On a personal note, I have been down in that area and wrote about exactly these kind of risks as accidents waiting to happen, see: In Harm’s Way (hit the link and scroll down to see photos of unsecured trains with toxic loads near schools and daycare centers).

For taking those and other photos in Paulsboro, I was detained by local police, my car was illegally searched and my documents were seized, and I was later investigated by federal Homeland Security and the FBI.

A few days after the incident, three investigators came to my house: Homeland Security, FBI and  the Hunterdon County Prosecutor’s Office.

At one point, while the focus of the investigation was on my photography of oil refineries, one of the investigators mentioned that I had been seen taking photos of train cars and chemical plants near schools, that I had a backpack on at the time, and suggested that I might be a terrorist seeking to emulate the “Chechen Rebels”.

I think I remain on a US domestic terror watch list as a result of this incident and investigation.

On a policy level, this accident reminds us that the chemical industry is creating unacceptable risks that require more stringent regulation (see:  25 Years After Bhopal Chemical Disaster: NJ”s “Fatal Fifteen” Shows it Can Happen Here

But instead of stricter regulation, under the Governor’s Executive Order #2, to appease the chemical industry, the Christie Administration is going in the opposite direction and rolling back NJ’s stringent state requirements to federal minimums.

The Whitman Administration tried and was warned not to do this way back in 1994, when a DEP Assistant Commissioner wrote this:

“Industry (e.g., CIC and NJBIA) would obviously prefer backing off to the EPA thresholds. However, the increases made by EPA on adoption were so large (averaging some 18 times the TCPA values with 33 of the 60 substances common to both lists assigned from 5 to 167 times corresponding TCPA values) that they are not technically justifiable in an area as densely populated as New Jersey where substances are generally handled on small sites, and would correlate with a significant increase in the number of potential fatalities.”

As I wrote:

NJ industries use over 15 BILLION pounds of hazardous chemicals per year. That number has grown slightly from 1990 – 1998 (most recent data reported by DEP Pollution Prevention). That’s almost 2,000 pounds for each resident.

Hundreds of NJ Communities are threatened by scores of dangerous chemical facilities, where an accident or terror attack could kill more than 100,000 residents.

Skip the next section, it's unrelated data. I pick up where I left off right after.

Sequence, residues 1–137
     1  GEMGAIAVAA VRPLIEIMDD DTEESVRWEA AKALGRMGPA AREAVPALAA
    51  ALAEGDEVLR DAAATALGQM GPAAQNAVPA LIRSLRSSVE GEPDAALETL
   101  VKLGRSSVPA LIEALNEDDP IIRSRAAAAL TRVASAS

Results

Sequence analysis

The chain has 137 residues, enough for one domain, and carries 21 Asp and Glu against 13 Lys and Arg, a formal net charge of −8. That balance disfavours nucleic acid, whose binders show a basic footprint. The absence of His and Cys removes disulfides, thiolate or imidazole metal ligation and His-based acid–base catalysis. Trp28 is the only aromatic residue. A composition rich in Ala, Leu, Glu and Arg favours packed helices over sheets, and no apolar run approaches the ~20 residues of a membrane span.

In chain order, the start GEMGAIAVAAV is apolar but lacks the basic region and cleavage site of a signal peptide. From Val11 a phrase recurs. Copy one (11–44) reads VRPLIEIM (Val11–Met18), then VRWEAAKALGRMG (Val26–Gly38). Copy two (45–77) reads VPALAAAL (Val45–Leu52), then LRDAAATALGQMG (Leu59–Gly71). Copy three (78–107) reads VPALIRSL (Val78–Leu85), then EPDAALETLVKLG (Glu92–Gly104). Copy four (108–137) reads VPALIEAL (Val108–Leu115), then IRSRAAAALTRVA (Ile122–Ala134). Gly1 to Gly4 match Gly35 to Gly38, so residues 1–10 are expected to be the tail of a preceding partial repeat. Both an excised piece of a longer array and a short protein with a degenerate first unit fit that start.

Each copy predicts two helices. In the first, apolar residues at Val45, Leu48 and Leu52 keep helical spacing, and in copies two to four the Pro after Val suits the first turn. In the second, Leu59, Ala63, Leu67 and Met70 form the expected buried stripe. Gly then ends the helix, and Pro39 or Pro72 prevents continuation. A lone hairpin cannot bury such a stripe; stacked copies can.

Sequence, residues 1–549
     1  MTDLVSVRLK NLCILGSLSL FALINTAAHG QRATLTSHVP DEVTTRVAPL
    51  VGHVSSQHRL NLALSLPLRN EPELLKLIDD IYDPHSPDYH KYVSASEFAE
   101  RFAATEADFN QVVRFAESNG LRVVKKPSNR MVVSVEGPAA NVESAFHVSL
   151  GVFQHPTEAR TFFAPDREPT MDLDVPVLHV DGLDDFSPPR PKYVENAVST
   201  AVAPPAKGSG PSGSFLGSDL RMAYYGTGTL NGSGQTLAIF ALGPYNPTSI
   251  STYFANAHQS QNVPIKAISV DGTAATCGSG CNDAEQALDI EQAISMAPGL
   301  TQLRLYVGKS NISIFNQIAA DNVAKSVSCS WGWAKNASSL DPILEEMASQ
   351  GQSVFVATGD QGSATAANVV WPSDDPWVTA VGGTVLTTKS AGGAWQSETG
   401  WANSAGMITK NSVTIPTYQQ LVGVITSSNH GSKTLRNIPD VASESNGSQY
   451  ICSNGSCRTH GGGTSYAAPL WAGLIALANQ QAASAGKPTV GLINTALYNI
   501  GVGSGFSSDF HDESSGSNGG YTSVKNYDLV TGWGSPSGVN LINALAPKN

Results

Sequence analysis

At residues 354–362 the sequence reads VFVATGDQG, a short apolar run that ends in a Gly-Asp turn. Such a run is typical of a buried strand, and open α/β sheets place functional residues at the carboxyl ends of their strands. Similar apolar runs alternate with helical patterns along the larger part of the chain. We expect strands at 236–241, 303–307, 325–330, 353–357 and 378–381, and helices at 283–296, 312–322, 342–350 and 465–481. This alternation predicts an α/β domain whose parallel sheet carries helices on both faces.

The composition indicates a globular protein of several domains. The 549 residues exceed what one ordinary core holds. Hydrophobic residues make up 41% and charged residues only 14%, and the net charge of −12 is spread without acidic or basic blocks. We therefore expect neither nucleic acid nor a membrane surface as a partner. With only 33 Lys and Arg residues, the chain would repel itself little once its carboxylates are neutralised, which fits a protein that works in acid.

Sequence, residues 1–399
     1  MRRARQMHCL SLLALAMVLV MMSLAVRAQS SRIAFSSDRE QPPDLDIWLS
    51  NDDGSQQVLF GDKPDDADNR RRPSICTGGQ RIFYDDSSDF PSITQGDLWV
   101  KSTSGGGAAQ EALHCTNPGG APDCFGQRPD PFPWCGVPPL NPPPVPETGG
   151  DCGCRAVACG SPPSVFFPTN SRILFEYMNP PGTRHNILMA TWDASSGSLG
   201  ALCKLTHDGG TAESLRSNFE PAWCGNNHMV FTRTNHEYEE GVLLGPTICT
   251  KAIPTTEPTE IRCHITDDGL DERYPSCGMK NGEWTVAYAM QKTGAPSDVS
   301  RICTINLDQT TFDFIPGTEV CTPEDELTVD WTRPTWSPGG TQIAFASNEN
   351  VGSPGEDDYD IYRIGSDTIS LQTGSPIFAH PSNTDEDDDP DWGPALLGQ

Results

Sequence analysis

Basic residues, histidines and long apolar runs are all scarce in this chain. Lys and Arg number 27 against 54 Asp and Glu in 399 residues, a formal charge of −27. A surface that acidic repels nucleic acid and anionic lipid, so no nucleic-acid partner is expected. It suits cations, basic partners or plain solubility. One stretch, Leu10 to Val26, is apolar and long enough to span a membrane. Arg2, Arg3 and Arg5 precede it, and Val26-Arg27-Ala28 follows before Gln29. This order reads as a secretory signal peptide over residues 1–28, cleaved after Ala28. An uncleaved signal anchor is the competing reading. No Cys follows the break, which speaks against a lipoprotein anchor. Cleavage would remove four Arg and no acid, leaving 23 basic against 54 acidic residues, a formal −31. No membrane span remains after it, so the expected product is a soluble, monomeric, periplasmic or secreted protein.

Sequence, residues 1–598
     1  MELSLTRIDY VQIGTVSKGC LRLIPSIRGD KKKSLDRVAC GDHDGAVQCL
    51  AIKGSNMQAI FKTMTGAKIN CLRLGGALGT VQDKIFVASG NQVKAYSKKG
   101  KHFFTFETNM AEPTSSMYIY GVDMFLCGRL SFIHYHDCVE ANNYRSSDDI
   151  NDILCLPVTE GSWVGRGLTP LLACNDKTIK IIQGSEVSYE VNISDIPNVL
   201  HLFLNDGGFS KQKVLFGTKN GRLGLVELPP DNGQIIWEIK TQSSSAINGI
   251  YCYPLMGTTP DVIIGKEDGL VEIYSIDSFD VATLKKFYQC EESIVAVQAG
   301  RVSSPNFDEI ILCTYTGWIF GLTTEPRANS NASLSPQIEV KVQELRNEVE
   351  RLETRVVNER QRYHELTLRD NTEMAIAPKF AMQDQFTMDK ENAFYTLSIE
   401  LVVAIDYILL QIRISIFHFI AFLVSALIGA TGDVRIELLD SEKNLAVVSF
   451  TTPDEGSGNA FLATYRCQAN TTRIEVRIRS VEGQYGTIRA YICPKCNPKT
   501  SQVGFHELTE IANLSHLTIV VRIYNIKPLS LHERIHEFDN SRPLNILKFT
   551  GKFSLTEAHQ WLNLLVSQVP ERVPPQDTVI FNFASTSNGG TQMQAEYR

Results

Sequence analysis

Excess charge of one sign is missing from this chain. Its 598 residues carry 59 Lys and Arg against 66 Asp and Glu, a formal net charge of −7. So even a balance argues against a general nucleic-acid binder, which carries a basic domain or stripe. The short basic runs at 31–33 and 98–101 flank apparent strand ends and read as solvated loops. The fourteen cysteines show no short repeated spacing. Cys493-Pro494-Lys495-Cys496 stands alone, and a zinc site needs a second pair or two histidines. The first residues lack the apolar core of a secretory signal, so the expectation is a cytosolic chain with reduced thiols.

While this spill may have been minor, it also reminds us that the liability cap for such spills still is far too low and legislation to raise it is stalled due to the political power of the chemical industry. (correction – see update below!)

The public interest and community safety are being sacrificed and put at needless risk as a result of the political power of the chemical industry –

While we may have  dodged a bullet with what appears to be a relatively minor train wreck, it could have been far worse. [correction – see update below]

When will warnings be heeded? After people die?

[Update:  It looks like EPA is downplaying the risks of the chemical released, vinyl chloride.

According to ATSDR “Tox Facts” VC is one of the few chemicals that are known human carcinogens – that relates to long term chronic exposures.

For acute exposure, I didn’t see EPA mention “coma and death”, ATSDR reports:

Health Effects

  • The primary target of vinyl chloride acute exposure is the CNS. Signs and symptoms include dizziness, ataxia, inebriation, fatigue, numbness and tingling of the extremities, visual disturbances, coma, and death.
  • Vinyl chloride can irritate the eyes, mucous membranes, and respiratory tract. Escaping compressed gas or liquid can cause frostbite or irritation of the skin and eyes.
  • Chronic exposure can cause permanent liver injury and liver cancer, neurologic or behavioral symptoms, and changes to the skin and bones of the hand.
  • Vinyl chloride’s acute CNS effects are likely to be caused by interaction of the parent compound with neural membranes. Other effects appear to be caused by interaction of reactive intermediates with macromolecules.

(PS – the site is down the rive from me, 40 miles south, south west. I am feeling a tad dizzy and nauseous just now and checked the weather – sure enough, wind is from the SE. Could a cloud be blowing up the Delaware River?

Categories: Family & kids, Hot topics, Policy watch Tags:

Are There Any Grownups in the Room?

November 10th, 2012 3 comments

Gov. Christie Drunk On Springsteen and Snooki

 Time to Form A Coastal Commission To Plan For A Climate Changed Shore

“This is too important a place in the fabric of New Jersey’s culture to not rebuild it. I’ve never had any doubt in my mind that we’re going to rebuild it,” Christie said. “I do not intend to be the governor who presides over the idea that this is going to be gone. I refuse to accept that.” (Asbury Park Press 11/10/12)


[Update: 2/25/13 – We told you so! Asbury Park Press reports today:

Seaside Heights plans seawall with MTV funds